By Sean Carroll | December 16, 2010 12:02 pm

Everyone knows about the TED talks — the great, and mercifully short, presentations whose videos are among the most-shared on the web. Even clicking on a completely random talk, you’re likely to be rewarded with something interesting. Part of that is the extraordinary level of quality control — not only in choosing speakers, but in working with speakers ahead of time to fine-tune their presentations. And holding them to a time limit.

Besides the big TED conferences, there are also independently-organized events known as TEDx. Caltech is going to host such an event for the first time, TEDxCaltech, on January 14. The theme is “Feynman’s Vision: The Next 50 Years.” In practice that means three groups of talks: Conceptualization and Visualization in Science, Frontiers of Physics, and Nanoscience and Future Biology. Check out the list of speakers. If it weren’t for the fact that I am on it myself, I’d emphasize what a great program this is — any event that includes both Scott Aaronson and Lyle Mays shows quite a bit of promise. Throw in Leonard Susskind and Craig Venter, and it might be worth a special trip.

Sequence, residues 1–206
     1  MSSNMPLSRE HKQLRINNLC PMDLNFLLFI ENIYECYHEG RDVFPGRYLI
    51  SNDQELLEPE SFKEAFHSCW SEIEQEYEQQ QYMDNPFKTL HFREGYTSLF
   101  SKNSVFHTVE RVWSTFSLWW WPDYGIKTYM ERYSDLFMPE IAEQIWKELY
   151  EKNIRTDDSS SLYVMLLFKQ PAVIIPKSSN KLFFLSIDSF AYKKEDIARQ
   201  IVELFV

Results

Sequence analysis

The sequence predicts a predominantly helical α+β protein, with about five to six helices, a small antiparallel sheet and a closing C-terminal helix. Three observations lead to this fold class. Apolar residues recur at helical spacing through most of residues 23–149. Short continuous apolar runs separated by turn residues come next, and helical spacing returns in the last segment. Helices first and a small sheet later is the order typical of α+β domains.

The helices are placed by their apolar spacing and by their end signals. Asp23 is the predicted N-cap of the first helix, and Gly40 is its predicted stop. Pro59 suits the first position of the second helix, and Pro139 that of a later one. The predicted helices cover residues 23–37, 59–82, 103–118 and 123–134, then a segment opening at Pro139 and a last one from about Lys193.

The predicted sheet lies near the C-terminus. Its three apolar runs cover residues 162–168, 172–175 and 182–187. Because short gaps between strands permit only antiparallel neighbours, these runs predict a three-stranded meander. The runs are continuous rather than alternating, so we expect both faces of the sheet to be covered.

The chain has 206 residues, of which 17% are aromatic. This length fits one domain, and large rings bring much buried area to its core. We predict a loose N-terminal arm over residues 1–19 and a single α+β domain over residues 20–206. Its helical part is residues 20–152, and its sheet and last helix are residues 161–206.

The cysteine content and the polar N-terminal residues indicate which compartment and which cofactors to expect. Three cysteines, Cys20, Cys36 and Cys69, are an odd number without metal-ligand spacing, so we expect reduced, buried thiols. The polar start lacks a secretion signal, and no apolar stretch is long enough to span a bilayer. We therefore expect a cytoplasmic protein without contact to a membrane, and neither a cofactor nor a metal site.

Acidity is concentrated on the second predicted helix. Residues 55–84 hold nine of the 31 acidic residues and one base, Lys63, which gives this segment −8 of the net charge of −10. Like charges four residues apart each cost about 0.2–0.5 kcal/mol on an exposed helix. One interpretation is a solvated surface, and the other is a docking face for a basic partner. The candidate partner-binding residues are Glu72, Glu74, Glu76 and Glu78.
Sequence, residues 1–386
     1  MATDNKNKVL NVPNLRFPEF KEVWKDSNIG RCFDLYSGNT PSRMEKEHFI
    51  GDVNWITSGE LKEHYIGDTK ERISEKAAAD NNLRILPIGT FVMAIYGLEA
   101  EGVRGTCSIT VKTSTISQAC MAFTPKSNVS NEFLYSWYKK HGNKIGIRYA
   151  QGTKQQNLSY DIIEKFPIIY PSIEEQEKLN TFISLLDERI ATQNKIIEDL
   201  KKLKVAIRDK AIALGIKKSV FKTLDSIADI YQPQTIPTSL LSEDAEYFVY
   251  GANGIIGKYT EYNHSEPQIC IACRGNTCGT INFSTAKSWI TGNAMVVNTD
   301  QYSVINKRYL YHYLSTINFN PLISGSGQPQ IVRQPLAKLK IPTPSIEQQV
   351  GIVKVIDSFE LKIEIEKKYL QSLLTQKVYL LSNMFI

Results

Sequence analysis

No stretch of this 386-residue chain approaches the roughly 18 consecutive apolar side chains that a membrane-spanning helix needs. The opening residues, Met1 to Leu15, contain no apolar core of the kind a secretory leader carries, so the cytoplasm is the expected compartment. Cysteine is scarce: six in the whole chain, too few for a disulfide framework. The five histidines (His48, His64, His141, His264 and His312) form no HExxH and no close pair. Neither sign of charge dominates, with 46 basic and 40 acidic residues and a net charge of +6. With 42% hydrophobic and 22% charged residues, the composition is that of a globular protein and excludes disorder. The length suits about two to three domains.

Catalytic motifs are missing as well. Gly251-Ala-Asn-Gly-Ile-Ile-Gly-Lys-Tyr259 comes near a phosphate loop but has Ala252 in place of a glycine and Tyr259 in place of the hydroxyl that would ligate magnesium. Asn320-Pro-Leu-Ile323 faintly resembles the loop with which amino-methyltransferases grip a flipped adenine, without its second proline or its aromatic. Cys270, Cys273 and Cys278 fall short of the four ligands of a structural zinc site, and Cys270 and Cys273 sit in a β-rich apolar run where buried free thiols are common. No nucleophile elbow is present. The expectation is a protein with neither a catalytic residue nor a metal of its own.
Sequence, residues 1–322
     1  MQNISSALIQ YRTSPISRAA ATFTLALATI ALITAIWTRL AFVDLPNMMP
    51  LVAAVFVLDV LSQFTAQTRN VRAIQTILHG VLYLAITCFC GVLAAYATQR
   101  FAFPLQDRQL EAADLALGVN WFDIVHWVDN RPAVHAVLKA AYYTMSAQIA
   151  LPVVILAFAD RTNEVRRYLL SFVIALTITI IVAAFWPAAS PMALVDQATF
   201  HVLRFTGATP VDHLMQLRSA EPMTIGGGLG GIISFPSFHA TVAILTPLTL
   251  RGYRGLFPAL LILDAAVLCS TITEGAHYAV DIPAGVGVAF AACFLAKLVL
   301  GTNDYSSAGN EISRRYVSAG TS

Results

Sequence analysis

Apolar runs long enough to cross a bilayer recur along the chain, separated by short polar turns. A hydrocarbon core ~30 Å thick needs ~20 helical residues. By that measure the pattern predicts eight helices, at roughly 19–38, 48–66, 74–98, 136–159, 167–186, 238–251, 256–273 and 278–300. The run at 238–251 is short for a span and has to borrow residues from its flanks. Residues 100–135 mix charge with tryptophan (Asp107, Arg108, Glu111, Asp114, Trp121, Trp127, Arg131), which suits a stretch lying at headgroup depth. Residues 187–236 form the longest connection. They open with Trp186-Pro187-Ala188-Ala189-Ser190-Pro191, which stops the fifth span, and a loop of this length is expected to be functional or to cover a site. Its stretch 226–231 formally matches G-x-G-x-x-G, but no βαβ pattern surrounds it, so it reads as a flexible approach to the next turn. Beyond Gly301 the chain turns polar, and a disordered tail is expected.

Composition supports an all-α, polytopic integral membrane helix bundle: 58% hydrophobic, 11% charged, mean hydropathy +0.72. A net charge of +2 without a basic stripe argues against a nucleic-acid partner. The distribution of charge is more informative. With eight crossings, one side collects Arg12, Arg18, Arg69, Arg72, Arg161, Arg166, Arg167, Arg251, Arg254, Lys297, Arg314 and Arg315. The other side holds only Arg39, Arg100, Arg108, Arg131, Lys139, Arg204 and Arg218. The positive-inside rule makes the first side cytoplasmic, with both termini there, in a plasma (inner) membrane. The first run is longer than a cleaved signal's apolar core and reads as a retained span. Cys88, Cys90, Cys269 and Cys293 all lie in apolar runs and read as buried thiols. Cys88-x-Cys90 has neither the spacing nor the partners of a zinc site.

All are welcome to come! The flip side of the fact that so much work goes into making the talks successful is that a corresponding level of commitment is asked of the audience — so you don’t simply buy a ticket, you apply, and it does cost money. But who can put a price on inspiration?


Discover's Newsletter

Sign up to get the latest science news delivered weekly right to your inbox!

Cosmic Variance

Random samplings from a universe of ideas.

About Sean Carroll

Sean Carroll is a Senior Research Associate in the Department of Physics at the California Institute of Technology. His research interests include theoretical aspects of cosmology, field theory, and gravitation. His most recent book is The Particle at the End of the Universe, about the Large Hadron Collider and the search for the Higgs boson. Here are some of his favorite blog posts, home page, and email: carroll [at] cosmicvariance.com .


See More

Collapse bottom bar